Daughters of Mars, Thomas Keneallyt

Thomas Keneally’s New Novel May Exceed Shindler’s List

October 1, 2013
Written by

Daughters of Mars, Thomas Keneallyt

The Daughters of Mars
Thomas Keneally
Atria;
August 20, 2013;
Hardcover;
ISBN: 978-1-47673461-3

Audio interview Audio Interview With the Author

20-minute audio interview

Thomas Keneally, author

Thomas Keneally

“Poignant . . . masterly . . . epic . . . [Keneally] has rescued forgotten heroines from obscurity
and briefly placed them center stage.” — The New York Times Book Review

THE DAUGHTERS OF MARS (Atria Books, August 2013), by beloved and internationally bestselling author Thomas Keneally offers an intimate look at war and its personal costs.

Much as he did with his Booker Prize-winning SCHINDLER’S LIST, this masterful storyteller uses the facts of history as the framework on which to build a deeply moving, often surprising, account of a world torn asunder and teetering on the cusp of inexorable change.

In writing this stirring chronicle of two Australian sisters whose destinies are altered  forever by the brutality of the First World War, Keneally has drawn on actual wartime diaries kept by nurses, giving his  narrative a richly detailed sense of time and place.

In this intimate  conversation with Authorlinkabout his latest book, Tom  talks of how women have a way of holding things together while the world falls apart; of how they have the ability to mend the ruination that men are so good at creating. He also admits that his first drafts–indeed every  writer’s first draft–are quite ordinary. It is only in editing and polishing that the story emerges. He encourages writers to just “start writing. Don’t let the thought that you can’t write stop you from being published.” [It took Stephen Spielberg ten years to produce the movie from the book, Schindler’s List, Tom told us.]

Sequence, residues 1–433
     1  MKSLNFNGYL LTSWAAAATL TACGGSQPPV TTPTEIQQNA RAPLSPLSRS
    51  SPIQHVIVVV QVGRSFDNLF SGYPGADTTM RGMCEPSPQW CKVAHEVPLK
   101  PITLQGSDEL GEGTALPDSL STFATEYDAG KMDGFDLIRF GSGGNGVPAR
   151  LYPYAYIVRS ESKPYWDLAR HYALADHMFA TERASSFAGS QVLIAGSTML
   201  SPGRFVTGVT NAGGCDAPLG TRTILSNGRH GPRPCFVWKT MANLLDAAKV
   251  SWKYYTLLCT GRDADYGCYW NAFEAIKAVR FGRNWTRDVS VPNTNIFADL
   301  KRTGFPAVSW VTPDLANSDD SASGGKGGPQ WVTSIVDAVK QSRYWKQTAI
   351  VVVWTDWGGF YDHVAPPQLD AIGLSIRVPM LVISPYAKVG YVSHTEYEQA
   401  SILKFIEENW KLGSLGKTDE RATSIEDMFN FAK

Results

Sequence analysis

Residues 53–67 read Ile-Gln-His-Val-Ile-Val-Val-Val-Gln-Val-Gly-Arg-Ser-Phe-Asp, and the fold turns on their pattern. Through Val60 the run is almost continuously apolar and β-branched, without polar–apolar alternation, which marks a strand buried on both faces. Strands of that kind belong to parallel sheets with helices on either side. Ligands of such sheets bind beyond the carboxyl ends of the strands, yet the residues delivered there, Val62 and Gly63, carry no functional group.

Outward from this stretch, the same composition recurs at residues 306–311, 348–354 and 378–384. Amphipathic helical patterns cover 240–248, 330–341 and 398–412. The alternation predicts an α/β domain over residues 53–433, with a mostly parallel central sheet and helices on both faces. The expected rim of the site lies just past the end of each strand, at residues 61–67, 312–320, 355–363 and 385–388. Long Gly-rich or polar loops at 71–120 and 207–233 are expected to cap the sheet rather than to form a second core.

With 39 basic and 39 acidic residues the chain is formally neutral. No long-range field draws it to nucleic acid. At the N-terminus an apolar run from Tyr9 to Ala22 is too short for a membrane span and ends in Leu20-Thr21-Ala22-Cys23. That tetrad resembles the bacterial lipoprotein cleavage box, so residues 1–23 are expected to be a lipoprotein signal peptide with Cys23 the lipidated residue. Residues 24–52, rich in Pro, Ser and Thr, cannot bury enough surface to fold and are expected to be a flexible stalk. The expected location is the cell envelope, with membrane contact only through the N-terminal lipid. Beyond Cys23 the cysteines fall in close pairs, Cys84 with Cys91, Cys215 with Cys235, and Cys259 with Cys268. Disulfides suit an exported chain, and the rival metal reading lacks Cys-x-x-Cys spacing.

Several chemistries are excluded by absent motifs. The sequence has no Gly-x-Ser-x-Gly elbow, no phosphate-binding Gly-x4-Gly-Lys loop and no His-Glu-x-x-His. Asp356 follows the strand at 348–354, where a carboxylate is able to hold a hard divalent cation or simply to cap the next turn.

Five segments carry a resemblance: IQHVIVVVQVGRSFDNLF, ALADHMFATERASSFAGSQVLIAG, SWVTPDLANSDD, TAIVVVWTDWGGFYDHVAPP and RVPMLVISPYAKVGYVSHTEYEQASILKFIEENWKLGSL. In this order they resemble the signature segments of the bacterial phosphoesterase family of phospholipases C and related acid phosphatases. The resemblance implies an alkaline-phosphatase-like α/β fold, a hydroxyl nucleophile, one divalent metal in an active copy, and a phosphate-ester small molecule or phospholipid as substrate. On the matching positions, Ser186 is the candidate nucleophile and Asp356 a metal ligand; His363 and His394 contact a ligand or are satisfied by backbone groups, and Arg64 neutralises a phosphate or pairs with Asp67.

In THE DAUGHTERS OF MARS,  Sally and Naomi Durance grew up on an isolated farm in Australia’s Macleay Valley, but the sisters have grown  apart with the passage of time and the accruing of small resentments. They are both nurses, but their careers have  diverged: Naomi has moved to a more urbane life in Sydney, while Sally has stayed behind, working as a district nurse in  the local hospital. But a tragic event—their mother’s painful death from cancer—will bring the sisters together once  more, uniting them in a dark secret. Soon after, the outbreak of war will prove another bond, as Sally and Naomi  independently decide to lend their medical skills to the war effort and find themselves embarking together on a journey  to the other side of the world.

Joining a corps of nurses and other medical personnel aboard the Archimedes, the Durance sisters are shipped to Egypt and the Mediterranean war zone, where they are thrown abruptly into the conflagration. Ministering to the horrifically wounded survivors of the disastrous campaign at Gallipoli, Sally, Naomi, and the other nurses try to maintain some semblance of sanity while confronted with unimaginable carnage. They will face their own peril, too, as the Archimedes goes down. Still, the relentless realities of war are tempered by the friendships the girls forge, as well as the tenuous promise of romance, albeit always shadowed by the prospect of loss.